Renewable power capacity set for sharp rise – IEA

The International Energy Agency has released its annual report, revealing that solar power was the fastest growing source of new energy in 2016.

Solar capacity grew by 50 per cent last year, with China accounting for almost half that expansion. Solar also eclipsed coal power for the first time.

In addition the IEA projects that the world’s renewable electricity capacity is set to rise sharply over the next five years, expanding 43% on today’s levels.
RS Components graphic uses Energy Information Administration (EIA) data to reveal that hydropower is the most widely-used renewable power source with the global hydroelectric installed capacity exceeding 1,000GW.


That forecast is a significant upwards revision on what the agency predicted last year.

Renewables accounted for almost two-thirds of net capacity additions in 2016, with almost 165 GW coming online. A further 920 GW of renewable capacity will be installed by 2022, according to its forecasts.

Solar PV capacity will hit a total of 740 GW by 2022, more than the combined total power capacities of India and Japan today, the report says, driven by continuous technology cost reductions and unprecedented market dynamics in China due to policy changes.

Meanwhile Energy Information Administration (EIA) data has revealed that hydropower is the most widely-used renewable power source with the global hydroelectric installed capacity exceeding 1,000GW.à‚ 

Last week top European Commission official Marie Donnelly re-asserted Brussels determination to ensure renewable energy momentum is maintained, with subsidies continuing to be provided for the EU to meet its targets.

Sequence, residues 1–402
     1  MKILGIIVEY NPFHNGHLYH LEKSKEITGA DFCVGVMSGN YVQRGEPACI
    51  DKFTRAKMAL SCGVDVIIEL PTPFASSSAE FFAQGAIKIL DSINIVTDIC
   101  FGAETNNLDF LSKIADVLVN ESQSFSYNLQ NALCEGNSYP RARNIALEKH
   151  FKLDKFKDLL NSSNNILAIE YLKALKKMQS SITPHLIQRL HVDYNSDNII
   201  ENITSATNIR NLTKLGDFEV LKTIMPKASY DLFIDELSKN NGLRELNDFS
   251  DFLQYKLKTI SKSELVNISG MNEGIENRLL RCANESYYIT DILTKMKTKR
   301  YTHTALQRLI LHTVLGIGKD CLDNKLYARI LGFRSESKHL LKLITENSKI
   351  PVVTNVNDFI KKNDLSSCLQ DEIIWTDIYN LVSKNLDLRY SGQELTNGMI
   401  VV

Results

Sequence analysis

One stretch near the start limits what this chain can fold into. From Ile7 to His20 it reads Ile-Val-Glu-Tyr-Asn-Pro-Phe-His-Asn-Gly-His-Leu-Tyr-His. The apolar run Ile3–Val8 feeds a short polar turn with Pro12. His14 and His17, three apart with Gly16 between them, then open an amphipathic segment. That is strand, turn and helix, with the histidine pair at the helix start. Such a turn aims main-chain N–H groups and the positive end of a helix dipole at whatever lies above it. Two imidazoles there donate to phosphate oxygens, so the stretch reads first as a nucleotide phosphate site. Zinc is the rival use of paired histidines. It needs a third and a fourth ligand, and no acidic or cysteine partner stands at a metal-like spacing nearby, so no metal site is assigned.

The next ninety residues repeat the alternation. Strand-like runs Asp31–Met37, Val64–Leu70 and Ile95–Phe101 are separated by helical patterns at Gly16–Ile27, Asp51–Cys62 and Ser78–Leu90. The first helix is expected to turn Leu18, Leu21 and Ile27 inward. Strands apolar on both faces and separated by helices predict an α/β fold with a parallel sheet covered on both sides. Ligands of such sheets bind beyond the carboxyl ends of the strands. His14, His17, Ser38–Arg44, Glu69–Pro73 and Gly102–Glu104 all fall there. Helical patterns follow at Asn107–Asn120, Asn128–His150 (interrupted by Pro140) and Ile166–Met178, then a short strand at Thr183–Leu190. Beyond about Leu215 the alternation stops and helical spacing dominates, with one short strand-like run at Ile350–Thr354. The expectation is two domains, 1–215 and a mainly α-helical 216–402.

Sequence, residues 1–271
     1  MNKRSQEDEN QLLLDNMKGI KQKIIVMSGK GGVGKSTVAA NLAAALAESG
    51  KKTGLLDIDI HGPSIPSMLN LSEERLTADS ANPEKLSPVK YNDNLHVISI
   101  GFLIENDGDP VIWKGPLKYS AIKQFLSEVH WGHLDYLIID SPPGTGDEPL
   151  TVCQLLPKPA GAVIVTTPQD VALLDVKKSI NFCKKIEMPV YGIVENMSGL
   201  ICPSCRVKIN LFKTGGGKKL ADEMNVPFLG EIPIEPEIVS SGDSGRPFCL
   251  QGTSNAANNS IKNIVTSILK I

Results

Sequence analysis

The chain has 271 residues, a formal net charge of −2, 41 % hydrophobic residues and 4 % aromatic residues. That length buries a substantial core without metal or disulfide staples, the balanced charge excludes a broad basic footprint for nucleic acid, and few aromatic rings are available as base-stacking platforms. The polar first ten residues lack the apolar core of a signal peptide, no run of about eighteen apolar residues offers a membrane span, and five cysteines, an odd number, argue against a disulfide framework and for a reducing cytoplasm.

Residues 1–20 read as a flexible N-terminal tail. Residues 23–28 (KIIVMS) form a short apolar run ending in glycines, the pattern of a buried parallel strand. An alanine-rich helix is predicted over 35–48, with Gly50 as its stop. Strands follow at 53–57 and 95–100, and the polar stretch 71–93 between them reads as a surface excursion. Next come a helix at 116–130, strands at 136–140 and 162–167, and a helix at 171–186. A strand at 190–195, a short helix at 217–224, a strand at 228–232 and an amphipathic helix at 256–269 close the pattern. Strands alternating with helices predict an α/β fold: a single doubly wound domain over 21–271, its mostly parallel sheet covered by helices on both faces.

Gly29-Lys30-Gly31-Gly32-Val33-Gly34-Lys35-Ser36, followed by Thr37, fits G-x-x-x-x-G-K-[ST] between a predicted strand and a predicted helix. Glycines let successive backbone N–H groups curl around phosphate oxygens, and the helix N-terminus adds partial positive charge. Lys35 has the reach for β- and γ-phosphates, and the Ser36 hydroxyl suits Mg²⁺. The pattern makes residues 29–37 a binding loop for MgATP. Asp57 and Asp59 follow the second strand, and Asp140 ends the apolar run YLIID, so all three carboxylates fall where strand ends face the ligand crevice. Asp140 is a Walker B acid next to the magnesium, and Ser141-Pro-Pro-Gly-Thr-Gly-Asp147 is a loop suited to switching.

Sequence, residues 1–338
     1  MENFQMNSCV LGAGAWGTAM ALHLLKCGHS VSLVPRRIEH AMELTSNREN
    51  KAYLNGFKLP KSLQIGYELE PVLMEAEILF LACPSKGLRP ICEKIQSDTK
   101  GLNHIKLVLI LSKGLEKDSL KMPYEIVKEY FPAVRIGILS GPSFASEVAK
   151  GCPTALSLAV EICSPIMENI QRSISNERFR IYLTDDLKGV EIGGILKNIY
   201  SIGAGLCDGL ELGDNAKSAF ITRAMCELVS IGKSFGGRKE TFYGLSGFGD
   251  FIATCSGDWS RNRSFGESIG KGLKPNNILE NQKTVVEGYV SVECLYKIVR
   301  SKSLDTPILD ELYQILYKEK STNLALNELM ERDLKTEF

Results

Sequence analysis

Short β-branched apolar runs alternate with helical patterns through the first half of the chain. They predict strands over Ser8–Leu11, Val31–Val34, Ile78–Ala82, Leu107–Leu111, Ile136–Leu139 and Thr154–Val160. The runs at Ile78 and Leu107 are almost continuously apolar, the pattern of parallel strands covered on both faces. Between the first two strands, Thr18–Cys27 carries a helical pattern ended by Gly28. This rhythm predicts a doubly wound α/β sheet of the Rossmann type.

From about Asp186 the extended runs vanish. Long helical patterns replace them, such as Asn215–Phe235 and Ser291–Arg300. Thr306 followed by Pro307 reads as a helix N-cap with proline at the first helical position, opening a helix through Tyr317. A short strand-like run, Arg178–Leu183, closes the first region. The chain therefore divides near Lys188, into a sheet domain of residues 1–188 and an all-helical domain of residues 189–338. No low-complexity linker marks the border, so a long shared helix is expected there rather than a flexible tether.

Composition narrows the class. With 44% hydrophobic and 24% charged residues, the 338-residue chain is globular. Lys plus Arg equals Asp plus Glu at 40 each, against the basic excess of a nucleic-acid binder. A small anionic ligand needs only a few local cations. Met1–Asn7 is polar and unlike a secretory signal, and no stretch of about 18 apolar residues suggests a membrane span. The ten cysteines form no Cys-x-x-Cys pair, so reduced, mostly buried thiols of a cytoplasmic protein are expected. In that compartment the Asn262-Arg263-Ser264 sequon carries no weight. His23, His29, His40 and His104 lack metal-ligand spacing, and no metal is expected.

“Our objective is to deliver on what the heads of states and governments have set as political objectives,” she said referring to the EU target of reaching a 27 per cent penetration for renewable energy by 2030, alongside a 40 per cent reduction in greenhouse gas emissions by the same date.

Stopping renewable subsidies now would contradict this political objective and “kill renewables going”, Donnelly said. “The bottom line is, we are the world leaders on renewables. And if we now turn around and back away from that objective, not only do we lose our leadership position, but we jeopardise the global response to climate change” because European technology is exported across the globe and helping other countries meet their own climate objectives.

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à‚  à‚  à‚  à‚  à‚  à‚  à‚  à‚  à‚  à‚  à‚  à‚  à‚  à‚  à‚  à‚  à‚  à‚  à‚  à‚  à‚  à‚  à‚  à‚  à‚  à‚  à‚  à‚  à‚  à‚  à‚  à‚  à‚  à‚  à‚  à‚  à‚  à‚  à‚  à‚  à‚  à‚  à‚  à‚  à‚ Graphic courtesy of RS Componentsà‚ 

“The first thing we have to remember is that the energy transition in Europe is a very deliberate political choice. This is not market-driven. This is policy-driven,” she stressed.

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